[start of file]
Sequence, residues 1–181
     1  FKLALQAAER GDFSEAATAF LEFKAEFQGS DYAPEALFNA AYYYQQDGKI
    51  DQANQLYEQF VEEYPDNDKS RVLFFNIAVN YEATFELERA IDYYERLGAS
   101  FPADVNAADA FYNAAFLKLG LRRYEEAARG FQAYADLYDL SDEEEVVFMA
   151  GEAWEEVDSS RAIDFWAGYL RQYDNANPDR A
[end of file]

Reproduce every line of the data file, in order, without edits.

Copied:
Sequence, residues 1–181
     1  FKLALQAAER GDFSEAATAF LEFKAEFQGS DYAPEALFNA AYYYQQDGKI
    51  DQANQLYEQF VEEYPDNDKS RVLFFNIAVN YEATFELERA IDYYERLGAS
   101  FPADVNAADA FYNAAFLKLG LRRYEEAARG FQAYADLYDL SDEEEVVFMA
   151  GEAWEEVDSS RAIDFWAGYL RQYDNANPDR A